2 Responses to All eyes on China

  1. The singular defining concept of human rights focused on the individual is being rewritten by China and though there may be many misgivings, the facts are that never in the history of civilization have so many 100,s of millions been lifted out of poverty and through products and commerce globalized with the rest of the world albeit without being able to actually converse in global english.
    Though none born in a democratic environment like me in India, would change places with the chinese, it m,ust be acknowledged that progress to any resident is “relative to their own past”. In that respect the chinese citizen is better off than any Indian as “their present is better than their past of a decade ago”. It is unfortunate but true that “economics controls human values and economic freedom is the first expressionn of democracy”. This has been taught by the developed democratic world which has embraced China because has lowered cost of goods and indirectly helped maintain the quality of life in the developed world.
    As far as democratic principles are concerned there is little point in “granting democratic rights BEFORE there is infrastructure and systems that can maintain order”. Democracy that is granted is worth nothing if it cannot be protected. The democratization of the Soviet Union on the basis of human rights led to chaos and the economic domination by crime. Criminals and mafia became the paradoxical government and provided their design of order.
    I asm sure that Chinese government is aware of the need for democratization and they must need an “emulation model”. Since they have not found it in the developed world where 80% of every percentage of growth is cornered by the same orwellian few who are “more fortunate than others”. I believe they have seen Singapore as microcosm and seek to emulate that in their own way because a billion equals are not that easy to manage.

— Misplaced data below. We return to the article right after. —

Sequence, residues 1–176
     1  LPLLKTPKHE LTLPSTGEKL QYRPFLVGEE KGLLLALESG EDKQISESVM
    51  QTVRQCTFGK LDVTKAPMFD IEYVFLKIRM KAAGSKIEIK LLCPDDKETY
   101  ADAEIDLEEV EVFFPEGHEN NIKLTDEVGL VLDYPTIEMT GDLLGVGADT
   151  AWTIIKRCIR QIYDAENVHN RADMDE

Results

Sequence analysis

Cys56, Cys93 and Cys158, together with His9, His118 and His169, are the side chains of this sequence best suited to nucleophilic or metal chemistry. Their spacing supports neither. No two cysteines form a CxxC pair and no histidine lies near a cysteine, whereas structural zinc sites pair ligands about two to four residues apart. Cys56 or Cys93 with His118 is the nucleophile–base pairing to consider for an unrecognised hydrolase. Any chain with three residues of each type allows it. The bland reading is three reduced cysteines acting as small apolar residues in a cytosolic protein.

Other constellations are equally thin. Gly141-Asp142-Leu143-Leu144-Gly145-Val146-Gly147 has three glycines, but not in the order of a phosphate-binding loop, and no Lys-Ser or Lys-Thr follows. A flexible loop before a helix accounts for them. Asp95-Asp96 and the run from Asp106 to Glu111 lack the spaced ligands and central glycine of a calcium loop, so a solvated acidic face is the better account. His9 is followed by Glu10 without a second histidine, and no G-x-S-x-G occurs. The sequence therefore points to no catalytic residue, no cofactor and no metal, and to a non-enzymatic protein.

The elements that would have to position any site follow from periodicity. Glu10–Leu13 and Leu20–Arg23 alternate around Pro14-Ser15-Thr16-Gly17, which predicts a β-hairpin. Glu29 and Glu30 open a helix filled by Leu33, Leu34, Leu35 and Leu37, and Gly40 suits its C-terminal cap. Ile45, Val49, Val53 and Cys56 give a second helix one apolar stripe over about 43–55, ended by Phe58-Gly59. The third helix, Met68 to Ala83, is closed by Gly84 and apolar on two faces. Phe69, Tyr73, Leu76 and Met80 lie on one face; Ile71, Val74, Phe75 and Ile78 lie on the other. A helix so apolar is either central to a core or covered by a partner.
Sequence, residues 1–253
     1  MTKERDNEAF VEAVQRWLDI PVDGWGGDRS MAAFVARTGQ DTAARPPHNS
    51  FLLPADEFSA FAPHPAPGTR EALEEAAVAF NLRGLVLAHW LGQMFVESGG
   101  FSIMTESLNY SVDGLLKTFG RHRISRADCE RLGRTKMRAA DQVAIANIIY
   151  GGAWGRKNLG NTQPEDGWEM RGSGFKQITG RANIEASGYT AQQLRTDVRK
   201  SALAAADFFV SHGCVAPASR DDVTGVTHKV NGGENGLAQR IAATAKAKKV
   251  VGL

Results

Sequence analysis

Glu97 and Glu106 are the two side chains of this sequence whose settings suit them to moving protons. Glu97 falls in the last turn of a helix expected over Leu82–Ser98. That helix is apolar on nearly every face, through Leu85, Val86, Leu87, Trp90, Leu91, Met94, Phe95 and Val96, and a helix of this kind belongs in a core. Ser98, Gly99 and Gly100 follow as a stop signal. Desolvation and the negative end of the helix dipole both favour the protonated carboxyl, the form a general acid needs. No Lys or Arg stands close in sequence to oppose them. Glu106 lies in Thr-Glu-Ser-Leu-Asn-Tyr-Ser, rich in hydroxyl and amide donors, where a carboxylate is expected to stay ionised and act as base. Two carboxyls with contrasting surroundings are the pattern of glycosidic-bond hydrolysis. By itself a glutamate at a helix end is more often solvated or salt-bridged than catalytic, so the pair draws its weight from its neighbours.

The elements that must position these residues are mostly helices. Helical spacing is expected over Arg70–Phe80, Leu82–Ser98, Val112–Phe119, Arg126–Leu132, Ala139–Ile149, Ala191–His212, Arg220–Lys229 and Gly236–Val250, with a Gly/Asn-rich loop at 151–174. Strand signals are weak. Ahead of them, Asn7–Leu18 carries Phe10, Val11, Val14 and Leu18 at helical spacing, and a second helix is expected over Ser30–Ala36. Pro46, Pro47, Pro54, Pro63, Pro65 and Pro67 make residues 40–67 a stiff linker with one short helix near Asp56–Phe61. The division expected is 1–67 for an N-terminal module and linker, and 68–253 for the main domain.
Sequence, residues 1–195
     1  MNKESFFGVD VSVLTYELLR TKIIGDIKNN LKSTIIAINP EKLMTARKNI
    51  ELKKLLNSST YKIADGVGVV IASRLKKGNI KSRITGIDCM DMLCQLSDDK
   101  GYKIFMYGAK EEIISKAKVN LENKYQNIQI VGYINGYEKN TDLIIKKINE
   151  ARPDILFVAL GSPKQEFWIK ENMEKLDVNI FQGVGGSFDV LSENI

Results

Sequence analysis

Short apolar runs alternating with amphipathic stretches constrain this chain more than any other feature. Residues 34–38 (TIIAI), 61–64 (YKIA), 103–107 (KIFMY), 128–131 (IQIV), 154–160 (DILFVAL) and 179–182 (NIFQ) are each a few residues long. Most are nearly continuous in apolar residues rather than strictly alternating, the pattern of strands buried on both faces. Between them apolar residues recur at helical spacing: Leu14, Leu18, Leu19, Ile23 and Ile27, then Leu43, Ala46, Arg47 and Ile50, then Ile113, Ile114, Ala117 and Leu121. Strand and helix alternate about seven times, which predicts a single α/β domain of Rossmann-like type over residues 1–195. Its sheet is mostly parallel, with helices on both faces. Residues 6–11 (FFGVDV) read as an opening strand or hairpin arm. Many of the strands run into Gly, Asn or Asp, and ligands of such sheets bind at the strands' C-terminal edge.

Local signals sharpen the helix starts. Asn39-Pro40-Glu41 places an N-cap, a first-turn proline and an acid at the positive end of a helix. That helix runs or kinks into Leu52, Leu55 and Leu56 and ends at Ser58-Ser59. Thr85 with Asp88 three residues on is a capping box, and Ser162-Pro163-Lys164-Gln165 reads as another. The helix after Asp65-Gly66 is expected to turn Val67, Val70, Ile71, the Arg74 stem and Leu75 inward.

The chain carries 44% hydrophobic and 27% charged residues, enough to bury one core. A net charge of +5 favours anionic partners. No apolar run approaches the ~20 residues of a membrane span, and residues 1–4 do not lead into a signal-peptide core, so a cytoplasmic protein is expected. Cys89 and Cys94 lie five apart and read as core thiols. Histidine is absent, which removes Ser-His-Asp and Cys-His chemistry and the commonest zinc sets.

2. Pauline says:

    Interesting thoughts, uday.pasricha. I certainly would not want to see China go the way Russia has in recent years. Having a good economic basis is important. But how far do they need to get, economically, before loosening up somewhat the rigid control over the flow of information and expression of opinion about the government?

    Ten or twenty years ago it was hoped/expected in the West that as China continued to improve economically, there would be a gradual improvement in areas such as freedom of the press and freedom of speech. From what I understand, the controls are not always strictly enforced (depending to a large extent on local authorities). But they can and do crack down severely when they choose to.

    I realize that their mindset is very different from that of the typical American. So it’s hard for us to understand either the attitude of the rulers there or the people as a whole. Americans are sometimes too quick to criticize their own country and its leaders, so it’s hard to understand a people who want to present such a positive image of their country rather than point out its faults publicly to help get them fixed.

    Amost all of what I know about China is written by Westerners, primarily Americans. I would be very interested in being able to get a Chinese view of the situation in their country – but not one specifically written with the purpose of promoting a certain “image” of their country